Major Diseases

Major DiseasesRabies – This is the most feared disease of people as it is incurable and fatal once symptoms are shown. This virus is passed from animal to animal through saliva (i.e. scratches, bites, licks on broken skin or mucous membranes). The most common transmission involving domestic pet dogs is when the dog encounters a rabid animal and is bitten without knowledge by the owner. Most dogs have been vaccinated against the virus, but even with this prevention, the dog should be taken to the vet immediately even if there is the slimmest possibility of exposure.

The first symptoms of rabies occurs with great variety but can take up to 6 months to show. Because the disease affects the brain and spinal cord, there are a variety of things to look for: changes in behavior (shunning affection, overly seeking affection, nervousness, restlessness, developing aggressive behavior), wandering behavior, biting of self, breaking teeth from biting objects, frothing at the mouth, oblivious to pain, paralysis of vocal cords (may seem like they have something caught in their throat and the attempt to get it out, may infect the owner).

There are 2 types of rabies: furious and passive. Many cats show the first kind, which often makes the animal attack anything, such people, other animals, and mostly inanimate objects, such as wheels of cars. The passive kind is more difficult to diagnose, as the animal just seems more lethargic, than sick. Any infected animal can transmit the disease 10 days before symptoms arise. If you suspect your dog has been infected, take him/her to the vet immediately!!! The dog will be re-vaccinated and kept in quarantine for 10 days. If you have an unvaccinated dog, the only real option is euthanasia. In a desperate attempt to save an unvaccinated animal, the dog must be placed in quarantine for at least 6 months and vaccinated 1 month prior to release.

If any symptoms arise, the dog will be euthanized. Most owners (even the bad ones) have their dogs vaccinated for rabies. In the case of taking in a stray with an unknown history, get the dog vaccinated immediately. Puppies will require 1 vaccination at 3 months of age, then again a year later. After that, there are 3-year vaccinations available for adult dogs.

Parvovirus – Parvo is a highly contagious (to other dogs) virus that is passed orally through contact with fecal matter. What makes this such a horrible disease is that being a virus, there is no cure. Even worse, the virus can live many months in the environment, withstanding freezing temperatures and disinfectants (except bleach). Symptoms are fever, lethargy, vomiting, diarrhea, loss of appetite. In severe cases, diarrhea may be bloody with a telltale odor. Parvo is most commonly seen in puppies who have not yet developed their immune system fully and may be compromised by other ailments. -Treatment is to treat the symptoms and must be immediate.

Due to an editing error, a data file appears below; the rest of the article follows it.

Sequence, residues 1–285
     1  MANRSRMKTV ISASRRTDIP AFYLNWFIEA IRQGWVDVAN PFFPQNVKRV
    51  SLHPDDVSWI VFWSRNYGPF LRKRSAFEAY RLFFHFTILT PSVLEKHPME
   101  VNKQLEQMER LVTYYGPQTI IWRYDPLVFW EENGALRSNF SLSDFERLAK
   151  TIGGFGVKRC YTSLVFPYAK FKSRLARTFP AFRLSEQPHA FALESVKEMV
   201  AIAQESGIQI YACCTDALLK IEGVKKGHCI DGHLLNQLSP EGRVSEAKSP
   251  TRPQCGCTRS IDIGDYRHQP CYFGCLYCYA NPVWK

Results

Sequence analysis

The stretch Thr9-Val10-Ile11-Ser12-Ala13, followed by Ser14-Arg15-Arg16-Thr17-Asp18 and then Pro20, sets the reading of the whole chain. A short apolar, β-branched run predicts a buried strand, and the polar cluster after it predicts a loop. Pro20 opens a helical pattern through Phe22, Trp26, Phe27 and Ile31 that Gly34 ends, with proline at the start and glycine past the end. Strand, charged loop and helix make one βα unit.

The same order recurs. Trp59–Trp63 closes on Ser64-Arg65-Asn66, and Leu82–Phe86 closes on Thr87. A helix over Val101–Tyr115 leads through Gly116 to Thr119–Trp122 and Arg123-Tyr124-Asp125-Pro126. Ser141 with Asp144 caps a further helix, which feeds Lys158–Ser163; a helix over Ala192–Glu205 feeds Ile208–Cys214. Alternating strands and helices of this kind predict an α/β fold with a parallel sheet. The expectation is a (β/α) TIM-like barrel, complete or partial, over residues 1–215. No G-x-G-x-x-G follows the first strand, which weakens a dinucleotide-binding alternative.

IV fluid is used to control the vomiting and diarrhea. Usually dogs are hospitalized for many days and continue antibiotics once they go home. This disease can be fatal if not treated and treatment is often costly. A simple remedy is prevention with a vaccine (series of 3 as a puppy) and worming at young ages.

Heartworm – This is a parasite that is passed to dogs via mosquitoes. The larvae quickly enter the blood stream and travel to the heart. They grow and form microfilari (infected larvae), which can block blood circulation and eventually will cause death if not treated. There are no actual symptoms of heartworm, although a simple blood test can determine if the dog is positive. Some things that may lead you to do a blood test is the appearance of a deep, enlarged chest cavity, poor fur quality, an overall sickly appearance, and knowledge of the dog as a stray or being raised in an inadequate manner. But a completely energetic and healthy dog can be positive. Advanced symptoms of heartworm are the above as well as coughing, and the desire to constantly lay down. Understand that if untreated, this disease will eventually kill your dog in a very unpleasant and painful way.

A heart of a heartworm positive dog. The microfilari overwhelmed this dog, preventing the blood from circulating through the heart. -Treatment is costly but successful if caught early on. First the vet will probably do bloodwork, urine analysis and x-rays to determine the stage of the disease. Once any secondary problems (such as heart failure, kidney or liver insufficiency) are addressed, the next step is to kill the adult worms. Many vets use Immiticide, which has fewer side effects than previous treatments. Two doses are given 24 hours apart. The dog must then remain very inactive for 4 weeks following while he/she absorbs the dead worms. Activity can cause the worms to dislodge, travel to the lungs, and results in death of the dog. After 3-4 weeks, another treatment is needed to kill the microfilaria.

This is often Ivermectin, given orally. Another visit is needed to re-test the dog for heartworm. Treatment will continue until the dog tests negative. Overall, treatment will cost between $400-800, depending upon the stage of the disease, size of dog, and extensiveness of treatment. -The obvious way to avoid putting your dog in jeopardy and costing you a ton is PREVENTION. There are many heartworm preventatives that are administered at your vet. Heartgard, Interceptor, Sentinel, and Revolution are all available to kill various worm species. The first 3 are chewable pills given 1 time each month, while Revolution is a topical that works by absorbing into the skin. All work for a month and should be given throughout the year when mosquitoes are present. Heartworm tests should also be given once a year to be sure.

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